Abdorrahman Boroumand Center

for Human Rights in Iran

Omid, a memorial in defense of human rights in Iran
One Person’s Story

Mohammad Naqi Ezzabadi


Age: 22
Nationality: Iran
Religion: Islam
Civil Status: Single


Date of Killing: September 30, 1981
Location of Killing: Bojnurd, Khorasan\Khorasan-e Razavi Province, Iran
Mode of Killing: Shooting
Charges: Sympathizing with anti-regime guerilla groups; Counter revolutionary opinion and/or speech; Printing/distributing leaflets

About this Case

The information about Mr. Mohammad Naqi Ezzabadi has been drawn from interview by a person close to him, the report of the Kayhan newspaper referring to the communiqué of the public relations unit of the Islamic Revolutionary Prosecutor’s Office (Oct. 3, 1981) and the Khorasan newspaper (Oct. 4). Mr. Ezzabadi is one of the 12028 individuals listed in an addendum to the Mojahed magazine (No 261), published by Mojahedin Khalq Organization in 1985. The list includes individuals, affiliated with various opposition groups, who were executed or killed during clashes with the Islamic Republic security forces from June 1981 to the publication date of the magazine.

Mr. Ezzabadi was born in Nojnurd in 1959. He was a high school graduate and a sympathizer of the Mojahedin Khalq Organization. At the time of the Revolution, he was serving his compulsory military service in the navy. After the Revolution, he distributed the publications of the Mojahedin Khalq Organization in the city. He was arrested in 1980 in a street demonstration and was detained at Qezelhesar and Qasr prisons for 9 months. About one month after he was released from prison, he went to Nojnurd in June or July of 1981. Once Revolutionary Guards raided his home but he managed to escape.

Arrest and detention

Mr. Ezzabadi was arrested in July or August of 1981 in his home in Nojnurd for sympathizing with the Mojahedin Khalq Organization without an arrest warrant. He was taken to a hotel, which had been confiscated and was used as the detention center of the Revolutionary Guards. According to the interviewee, “the Revolutionary Guardsmen raided the house and when the victim’s father asked, they said that they only wanted ask him a few questions and that he would soon return home.” Mr. Ezzabadi was in prison for 40 days. The night before his execution, he called his parents from prison and they went to the headquarters of the Revolutionary Guards. The head of the Guards told his father: “We know he has not done anything but he refuses to do what we want him to do.” That night in a visit, Mr. Ezzabadi told his father: “They want me to do things that you would also refuse,” referring to recanting his political beliefs, introducing political colleagues to the Guards, and shooting coup de grace at persons who were to be executed. His father, who was a prominent person in the city, approved his son’s actions and left the location in a fury.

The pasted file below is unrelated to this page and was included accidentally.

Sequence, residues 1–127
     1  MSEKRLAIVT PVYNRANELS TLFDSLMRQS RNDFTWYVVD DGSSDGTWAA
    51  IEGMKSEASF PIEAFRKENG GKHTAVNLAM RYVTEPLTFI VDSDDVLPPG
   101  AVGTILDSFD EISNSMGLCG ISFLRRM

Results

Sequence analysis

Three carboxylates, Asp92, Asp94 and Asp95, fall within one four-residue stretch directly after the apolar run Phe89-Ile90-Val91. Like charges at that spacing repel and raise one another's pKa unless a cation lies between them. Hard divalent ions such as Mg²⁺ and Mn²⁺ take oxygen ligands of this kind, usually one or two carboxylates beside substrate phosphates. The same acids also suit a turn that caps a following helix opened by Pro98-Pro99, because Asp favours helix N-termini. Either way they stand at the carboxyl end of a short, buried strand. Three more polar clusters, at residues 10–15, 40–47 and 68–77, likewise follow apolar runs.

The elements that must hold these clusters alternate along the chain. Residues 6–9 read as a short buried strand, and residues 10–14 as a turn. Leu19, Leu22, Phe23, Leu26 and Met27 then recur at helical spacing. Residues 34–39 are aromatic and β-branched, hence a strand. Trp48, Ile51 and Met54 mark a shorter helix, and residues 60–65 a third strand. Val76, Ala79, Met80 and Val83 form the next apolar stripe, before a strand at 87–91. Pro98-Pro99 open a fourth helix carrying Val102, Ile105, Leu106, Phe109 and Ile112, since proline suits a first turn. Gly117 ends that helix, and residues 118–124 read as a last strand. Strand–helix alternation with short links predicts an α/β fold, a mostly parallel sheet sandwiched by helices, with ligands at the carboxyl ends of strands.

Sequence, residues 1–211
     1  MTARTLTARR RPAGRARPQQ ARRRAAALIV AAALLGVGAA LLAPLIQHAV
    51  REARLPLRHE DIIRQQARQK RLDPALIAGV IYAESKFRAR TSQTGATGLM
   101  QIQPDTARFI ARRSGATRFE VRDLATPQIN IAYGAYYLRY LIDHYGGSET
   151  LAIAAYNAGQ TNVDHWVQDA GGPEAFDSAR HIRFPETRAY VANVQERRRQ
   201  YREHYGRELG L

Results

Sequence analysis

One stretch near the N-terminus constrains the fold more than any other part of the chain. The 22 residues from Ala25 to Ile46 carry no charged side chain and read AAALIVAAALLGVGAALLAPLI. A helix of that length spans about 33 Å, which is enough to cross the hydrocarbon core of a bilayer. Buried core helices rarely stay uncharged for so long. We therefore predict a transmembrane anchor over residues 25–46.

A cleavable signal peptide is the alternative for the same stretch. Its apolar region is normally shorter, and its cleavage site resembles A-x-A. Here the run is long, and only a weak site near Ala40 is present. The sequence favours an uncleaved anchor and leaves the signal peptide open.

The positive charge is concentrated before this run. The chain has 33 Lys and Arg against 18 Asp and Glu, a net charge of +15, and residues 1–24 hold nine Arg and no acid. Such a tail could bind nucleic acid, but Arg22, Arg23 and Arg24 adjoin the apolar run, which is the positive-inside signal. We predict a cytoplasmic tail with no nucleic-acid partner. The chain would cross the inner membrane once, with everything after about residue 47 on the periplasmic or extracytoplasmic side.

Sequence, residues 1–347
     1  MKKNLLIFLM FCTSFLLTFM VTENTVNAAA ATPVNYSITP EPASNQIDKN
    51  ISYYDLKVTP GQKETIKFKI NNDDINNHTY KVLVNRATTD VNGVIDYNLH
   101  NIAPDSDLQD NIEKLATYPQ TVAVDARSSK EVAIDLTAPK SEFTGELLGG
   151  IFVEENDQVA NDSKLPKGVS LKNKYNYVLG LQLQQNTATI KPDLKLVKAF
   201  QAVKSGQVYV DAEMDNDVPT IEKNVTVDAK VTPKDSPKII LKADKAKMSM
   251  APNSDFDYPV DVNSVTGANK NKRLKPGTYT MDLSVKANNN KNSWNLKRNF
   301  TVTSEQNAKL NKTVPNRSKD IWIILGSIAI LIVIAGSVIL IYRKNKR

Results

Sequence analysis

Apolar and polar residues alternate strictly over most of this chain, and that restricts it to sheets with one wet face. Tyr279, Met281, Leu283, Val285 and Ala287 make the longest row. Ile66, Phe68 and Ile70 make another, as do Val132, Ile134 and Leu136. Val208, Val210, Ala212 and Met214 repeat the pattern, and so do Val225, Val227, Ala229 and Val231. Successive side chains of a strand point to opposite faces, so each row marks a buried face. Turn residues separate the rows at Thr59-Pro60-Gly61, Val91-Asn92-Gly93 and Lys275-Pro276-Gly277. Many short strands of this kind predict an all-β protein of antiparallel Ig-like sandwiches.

No information is available on the defendant’s trial, except than Mr. Ezzabali was tried at the Islamic Revolutionary Tribunal of Nojnurd.


According to the Kayhan newspaper, Mr. Ezzabadi was charged with: “Organizing the Hypocrites [referring to the Mojahedin Khalq Organization], being in charge of operational teams, distributing the leaflets of the Hypocrites, approving their stance and their armed struggle. Moreover, the named individual had been condemned to imprisonment, during which he caused an arson in Mashad prison, and resumed activities against the regime of the Islamic republic after being released.” According to the interviewee, a newspaper announced his charged to be “apostasy.”

The validity of the criminal charges brought against this defendant cannot be ascertained in the absence of the basic guarantees of a fair trial.

Evidence of guilt

The report of this execution does not contain information regarding the evidence provided against the defendant.


No information is available on Mr. Ezzabadi’s defense at the trial. According to the available information, he was denied access to his file and the right to be represented by an attorney. The interviewee states that the charge of causing an arson in Mashad prison was completely baseless.


The Islamic Revolutionary Tribunal of Nojnurd called Mr. Mohammad Naqi Ezzabadi “an enemy of God and his Prophet and a rebel against the Islamic regime” and condemned him to death. He was shot by firing squad on September 30, 1981 (Kayhan). He was 22 years old. His cousin, who was a doctor, saw four bodies at the morgue, one of whom was Mohammad Naqi. The Revolutionary Guards told his family members that they could not inter his body in the public cemetery and could not hold any memorial ceremonies. They were told to bury him in the mountains. His family transferred the body to Mashad and laid him to rest in Mashad’s cemetery. His mother still has his blood-stained shirt.

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